In the summer of 1938, father and son left Wadowice and moved to Krakow. It was there that Karol began to realise his dream of studying Polish Studies. They lived together in a house at 10 Tyniecka Street, belonging to Robert Kaczorowski, Mrs Emilia's brother, renting from him a small, two-room flat located in the ground floor.
The first year at Jagiellonian University became an opportunity for young Karol to develop internally as a young poet and actor. It was also a time to form friendships that would last for many, many years, including with Juliusz Kydrynski. It was also at this time that Wojtyla became known to the general public, when he took part in a literary evening called "Dear Poplar Bridge." It was there that he publicly recited his own poems. Unfortunately, these moments were dramatically interrupted by the outbreak of World War II.
World War II
The events of World War II forced Karol Wojtyla to discontinue studies at the Jagiellonian University and to start physical work in the chemical plant “Solvay” in Krakow in order to avoid deportation to the forced labour in Germany. In 1941 Karol lost his last close person – his father, who died after a long, serious illness.
A year later young Wojtyla began to study at the Metropolitan Higher Seminary in Krakow and on 1 November 1946 he was ordained a priest. Then he left for Rome to study at the Papal Athenaeum Angelicum (now the Pontifical University of St. Thomas Aquinas) where he also studied the faith issue of St. John of the Cross. He was granted a doctor’s degree at the Jagiellonian University.
In 1948, Karol Wojtyla served as a vicar and catechist in the parish Niegowic. Soon he was transferred to the parish of St. Florian in Krakow. There he met a group of students, which became his closest friends. One of the factors joining that group together was love for hiking and nature. During the summer they organized hiking to mountains and kayaking, and skiing in the winter. It happened that priest Karol separated from the group to pray and contemplate in peace. They remember those trips as a form of retreat or an opportunity to solve life problems.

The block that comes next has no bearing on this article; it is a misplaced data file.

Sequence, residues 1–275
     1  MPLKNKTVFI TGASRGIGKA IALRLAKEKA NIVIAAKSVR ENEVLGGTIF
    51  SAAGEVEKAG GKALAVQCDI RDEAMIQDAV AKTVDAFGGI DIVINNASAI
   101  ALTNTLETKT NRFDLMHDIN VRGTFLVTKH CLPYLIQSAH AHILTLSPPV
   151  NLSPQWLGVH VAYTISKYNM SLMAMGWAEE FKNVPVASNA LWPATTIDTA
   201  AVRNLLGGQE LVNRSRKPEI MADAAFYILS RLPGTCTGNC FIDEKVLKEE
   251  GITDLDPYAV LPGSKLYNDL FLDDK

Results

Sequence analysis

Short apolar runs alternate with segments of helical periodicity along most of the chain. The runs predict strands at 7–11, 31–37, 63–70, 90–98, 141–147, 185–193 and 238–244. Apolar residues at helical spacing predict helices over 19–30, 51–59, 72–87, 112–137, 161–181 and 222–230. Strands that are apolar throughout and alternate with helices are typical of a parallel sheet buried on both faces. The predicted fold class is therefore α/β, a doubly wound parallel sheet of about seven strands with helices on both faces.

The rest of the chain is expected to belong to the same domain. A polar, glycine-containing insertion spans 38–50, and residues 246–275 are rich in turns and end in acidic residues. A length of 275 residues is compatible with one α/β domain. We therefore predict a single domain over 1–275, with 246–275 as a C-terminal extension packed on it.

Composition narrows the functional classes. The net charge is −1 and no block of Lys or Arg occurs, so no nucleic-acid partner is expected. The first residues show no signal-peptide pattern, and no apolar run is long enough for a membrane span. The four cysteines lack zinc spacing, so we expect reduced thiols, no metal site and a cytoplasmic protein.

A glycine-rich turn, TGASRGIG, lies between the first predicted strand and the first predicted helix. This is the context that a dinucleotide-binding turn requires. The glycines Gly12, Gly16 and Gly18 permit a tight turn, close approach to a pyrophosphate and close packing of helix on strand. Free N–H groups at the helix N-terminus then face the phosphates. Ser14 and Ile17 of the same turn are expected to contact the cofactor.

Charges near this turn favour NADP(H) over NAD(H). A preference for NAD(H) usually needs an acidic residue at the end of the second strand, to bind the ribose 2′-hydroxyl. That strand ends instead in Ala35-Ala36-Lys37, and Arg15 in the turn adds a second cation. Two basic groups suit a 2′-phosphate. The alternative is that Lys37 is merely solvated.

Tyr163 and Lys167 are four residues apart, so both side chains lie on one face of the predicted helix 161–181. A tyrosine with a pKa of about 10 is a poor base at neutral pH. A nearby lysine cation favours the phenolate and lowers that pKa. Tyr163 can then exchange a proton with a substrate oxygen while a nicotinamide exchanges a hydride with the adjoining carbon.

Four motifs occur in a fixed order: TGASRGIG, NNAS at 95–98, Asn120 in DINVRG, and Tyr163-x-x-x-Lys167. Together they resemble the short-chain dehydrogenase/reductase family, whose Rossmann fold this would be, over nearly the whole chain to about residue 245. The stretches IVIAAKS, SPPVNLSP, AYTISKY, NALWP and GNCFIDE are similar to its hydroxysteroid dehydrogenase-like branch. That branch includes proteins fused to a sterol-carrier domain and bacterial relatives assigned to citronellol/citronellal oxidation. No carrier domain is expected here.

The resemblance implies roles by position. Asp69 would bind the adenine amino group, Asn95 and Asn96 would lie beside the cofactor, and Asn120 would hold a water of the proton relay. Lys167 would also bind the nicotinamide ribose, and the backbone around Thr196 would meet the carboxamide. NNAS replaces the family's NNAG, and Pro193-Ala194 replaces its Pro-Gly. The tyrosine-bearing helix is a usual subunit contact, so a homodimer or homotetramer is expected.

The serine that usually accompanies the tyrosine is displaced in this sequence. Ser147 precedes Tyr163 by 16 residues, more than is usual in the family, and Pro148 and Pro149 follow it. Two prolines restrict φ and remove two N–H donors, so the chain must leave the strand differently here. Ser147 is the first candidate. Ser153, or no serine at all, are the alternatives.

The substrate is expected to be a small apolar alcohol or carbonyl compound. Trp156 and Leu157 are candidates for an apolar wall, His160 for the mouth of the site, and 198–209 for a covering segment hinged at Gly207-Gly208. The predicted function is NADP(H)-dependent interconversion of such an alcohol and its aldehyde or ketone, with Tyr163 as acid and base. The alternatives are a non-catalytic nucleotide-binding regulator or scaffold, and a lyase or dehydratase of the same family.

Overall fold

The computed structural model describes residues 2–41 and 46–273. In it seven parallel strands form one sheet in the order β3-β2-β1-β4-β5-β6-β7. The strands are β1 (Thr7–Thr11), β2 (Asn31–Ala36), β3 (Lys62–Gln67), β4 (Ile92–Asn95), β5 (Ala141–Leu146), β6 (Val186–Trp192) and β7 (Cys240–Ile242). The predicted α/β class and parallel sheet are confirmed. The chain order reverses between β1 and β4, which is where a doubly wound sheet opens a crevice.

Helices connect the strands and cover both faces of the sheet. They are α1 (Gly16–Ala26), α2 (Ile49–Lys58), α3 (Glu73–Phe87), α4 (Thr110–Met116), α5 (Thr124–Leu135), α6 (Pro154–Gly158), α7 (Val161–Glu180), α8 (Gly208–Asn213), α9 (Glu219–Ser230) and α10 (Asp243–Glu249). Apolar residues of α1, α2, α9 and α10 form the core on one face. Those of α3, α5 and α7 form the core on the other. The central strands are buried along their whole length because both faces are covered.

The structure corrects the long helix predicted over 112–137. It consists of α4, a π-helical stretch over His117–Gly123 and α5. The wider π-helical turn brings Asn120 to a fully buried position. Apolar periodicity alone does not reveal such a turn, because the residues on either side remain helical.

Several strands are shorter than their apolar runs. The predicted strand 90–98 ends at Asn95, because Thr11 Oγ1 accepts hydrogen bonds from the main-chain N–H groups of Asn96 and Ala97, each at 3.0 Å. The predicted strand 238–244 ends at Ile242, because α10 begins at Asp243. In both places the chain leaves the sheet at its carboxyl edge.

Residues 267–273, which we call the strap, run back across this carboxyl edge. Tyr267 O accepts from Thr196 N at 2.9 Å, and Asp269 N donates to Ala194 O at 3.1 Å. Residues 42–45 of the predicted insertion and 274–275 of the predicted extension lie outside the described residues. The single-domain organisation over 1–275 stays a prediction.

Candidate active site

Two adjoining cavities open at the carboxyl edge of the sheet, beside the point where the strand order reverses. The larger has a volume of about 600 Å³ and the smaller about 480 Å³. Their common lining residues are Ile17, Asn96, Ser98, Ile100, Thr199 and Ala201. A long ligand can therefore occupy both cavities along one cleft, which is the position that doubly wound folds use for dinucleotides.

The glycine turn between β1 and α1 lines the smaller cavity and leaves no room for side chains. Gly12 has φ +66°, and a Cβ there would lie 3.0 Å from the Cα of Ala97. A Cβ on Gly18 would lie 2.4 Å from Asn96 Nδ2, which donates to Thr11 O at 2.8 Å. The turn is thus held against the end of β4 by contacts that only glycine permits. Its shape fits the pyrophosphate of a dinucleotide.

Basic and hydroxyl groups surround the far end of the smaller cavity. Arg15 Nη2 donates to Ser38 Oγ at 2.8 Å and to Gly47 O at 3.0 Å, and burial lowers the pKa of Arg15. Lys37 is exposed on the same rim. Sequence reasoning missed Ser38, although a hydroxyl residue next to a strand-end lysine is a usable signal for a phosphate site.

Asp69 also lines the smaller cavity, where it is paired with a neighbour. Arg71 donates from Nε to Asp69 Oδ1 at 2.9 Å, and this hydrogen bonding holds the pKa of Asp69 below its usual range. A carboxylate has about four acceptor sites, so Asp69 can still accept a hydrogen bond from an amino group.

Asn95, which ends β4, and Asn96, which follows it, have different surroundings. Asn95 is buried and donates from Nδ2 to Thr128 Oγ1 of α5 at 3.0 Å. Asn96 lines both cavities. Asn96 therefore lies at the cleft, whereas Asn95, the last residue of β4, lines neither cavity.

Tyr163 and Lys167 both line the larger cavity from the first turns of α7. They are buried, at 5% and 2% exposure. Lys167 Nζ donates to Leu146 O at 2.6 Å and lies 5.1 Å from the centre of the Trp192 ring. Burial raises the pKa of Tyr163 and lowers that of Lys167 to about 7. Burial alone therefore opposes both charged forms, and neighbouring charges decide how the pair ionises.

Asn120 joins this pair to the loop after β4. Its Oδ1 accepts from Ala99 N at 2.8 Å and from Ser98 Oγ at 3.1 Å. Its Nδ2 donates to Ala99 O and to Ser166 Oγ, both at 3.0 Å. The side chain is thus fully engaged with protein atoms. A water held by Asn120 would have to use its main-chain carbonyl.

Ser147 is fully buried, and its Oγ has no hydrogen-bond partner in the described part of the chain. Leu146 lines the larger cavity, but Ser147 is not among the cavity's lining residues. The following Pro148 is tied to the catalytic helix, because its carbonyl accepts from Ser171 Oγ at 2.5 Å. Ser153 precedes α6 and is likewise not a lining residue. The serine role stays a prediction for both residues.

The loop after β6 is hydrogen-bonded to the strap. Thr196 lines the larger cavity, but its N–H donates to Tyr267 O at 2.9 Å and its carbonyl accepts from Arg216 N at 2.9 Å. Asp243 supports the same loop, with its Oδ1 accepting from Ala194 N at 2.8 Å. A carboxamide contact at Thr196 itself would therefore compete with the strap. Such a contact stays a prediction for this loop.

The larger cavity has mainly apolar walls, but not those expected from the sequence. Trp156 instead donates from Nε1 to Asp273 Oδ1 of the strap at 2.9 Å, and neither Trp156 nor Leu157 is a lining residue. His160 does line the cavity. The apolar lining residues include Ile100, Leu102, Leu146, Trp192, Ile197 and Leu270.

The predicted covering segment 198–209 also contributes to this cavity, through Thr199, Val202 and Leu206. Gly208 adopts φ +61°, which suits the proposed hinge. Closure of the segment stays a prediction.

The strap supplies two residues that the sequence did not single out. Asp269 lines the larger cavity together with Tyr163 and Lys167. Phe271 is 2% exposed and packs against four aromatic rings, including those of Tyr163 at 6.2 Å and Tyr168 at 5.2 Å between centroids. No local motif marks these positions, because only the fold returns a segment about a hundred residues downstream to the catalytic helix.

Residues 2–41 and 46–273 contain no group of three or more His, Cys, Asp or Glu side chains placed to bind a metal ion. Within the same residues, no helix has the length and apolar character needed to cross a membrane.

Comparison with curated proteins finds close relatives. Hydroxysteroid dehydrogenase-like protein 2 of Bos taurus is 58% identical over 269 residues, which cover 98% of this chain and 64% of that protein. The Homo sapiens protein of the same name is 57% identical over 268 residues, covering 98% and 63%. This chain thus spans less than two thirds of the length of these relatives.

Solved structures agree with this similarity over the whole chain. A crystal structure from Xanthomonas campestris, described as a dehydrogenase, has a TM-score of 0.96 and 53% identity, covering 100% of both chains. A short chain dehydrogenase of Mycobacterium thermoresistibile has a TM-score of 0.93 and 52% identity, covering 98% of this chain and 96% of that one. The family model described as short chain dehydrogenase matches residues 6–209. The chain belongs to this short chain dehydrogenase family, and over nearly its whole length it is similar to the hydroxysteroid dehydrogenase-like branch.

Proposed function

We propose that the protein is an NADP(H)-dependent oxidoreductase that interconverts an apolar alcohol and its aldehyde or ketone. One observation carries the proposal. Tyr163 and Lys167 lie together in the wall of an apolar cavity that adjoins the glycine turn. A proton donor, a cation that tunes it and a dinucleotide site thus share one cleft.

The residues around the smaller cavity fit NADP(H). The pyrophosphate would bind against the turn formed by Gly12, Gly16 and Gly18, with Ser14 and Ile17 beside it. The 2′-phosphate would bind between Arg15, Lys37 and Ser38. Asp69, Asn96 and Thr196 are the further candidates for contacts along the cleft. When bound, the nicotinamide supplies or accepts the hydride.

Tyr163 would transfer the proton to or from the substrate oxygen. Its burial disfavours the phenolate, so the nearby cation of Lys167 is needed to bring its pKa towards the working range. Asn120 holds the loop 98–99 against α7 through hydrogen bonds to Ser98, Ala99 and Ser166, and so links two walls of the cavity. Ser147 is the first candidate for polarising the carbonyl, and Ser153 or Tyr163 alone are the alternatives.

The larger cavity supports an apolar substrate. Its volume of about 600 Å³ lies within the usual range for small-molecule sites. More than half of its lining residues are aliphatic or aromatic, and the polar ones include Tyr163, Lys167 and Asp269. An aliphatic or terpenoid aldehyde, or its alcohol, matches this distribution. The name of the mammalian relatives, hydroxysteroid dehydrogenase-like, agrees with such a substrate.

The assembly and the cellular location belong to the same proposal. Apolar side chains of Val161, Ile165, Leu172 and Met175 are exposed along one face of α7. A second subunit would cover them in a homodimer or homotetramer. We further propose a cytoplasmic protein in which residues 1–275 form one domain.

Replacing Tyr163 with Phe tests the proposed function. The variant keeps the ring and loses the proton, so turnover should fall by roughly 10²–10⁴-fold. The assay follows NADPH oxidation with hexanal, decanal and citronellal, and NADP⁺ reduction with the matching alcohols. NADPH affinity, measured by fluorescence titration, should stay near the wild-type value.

At the beginning of the 50’s he was sent on holiday in order to complete his habilitation thesis. He was publishing in catholic press (monthly “Znak” and weekly “Tygodnik Powszechny”) and writing philosophical essays. From 1954, for almost 25 years, he was teaching theology and ethics at the Catholic University of Lublin. In the eyes of his students he was a demanding lecturer but at the same time fair and open to discussions.
In 1958 he was appointed an auxiliary Bishop and then Archbishop of Krakow (1964) becoming the youngest Archbishop in the world. He was visiting parishes, monasteries and he opened a beatification process of Faustyna Kowalska. He was meeting with artists and the scientists.
So forward we moved by canoe on the river's waves, and then by truck carrying sacks of flour, and that's how I got to Olsztynek. The train to Warsaw was leaving late at night. So I took my sleeping bag with me, thinking that while waiting for the train I would take a little nap and ask someone to wake me up. However, there was no such need, as I did not fall asleep at all.
In Warsaw, I reported to Miodowa Street for the designated hour. [...]. When I entered the Primate's office, I heard from him that the Holy Father had appointed me auxiliary bishop to the archbishop of Cracow[...]. Hearing the Primate's words heralding the Holy See's decision to me, I said: "Eminence, I am too young, I am only 38 years old."
But the Primate said: "This is the kind of weakness from which we are quickly cured. Please do not oppose the will of the Holy Father." So I said one word: "I accept." "Well, then we will go to lunch," the Primate concluded.
His next step was joining the Cardinals College (1967), also as the youngest member of this body. He cooperated with the Polish Cardinal Stefan Wyszynski, known as Primate of the Millennium and was visiting foreign parishes and universities. In 1976 he led the Vatican Lenten retreat.
Pope from Cracow
On 16 October 1978 Cardinal Karol Wojtyla was elected Bishop of Rome. As Pope he assumed the name of John Paul II.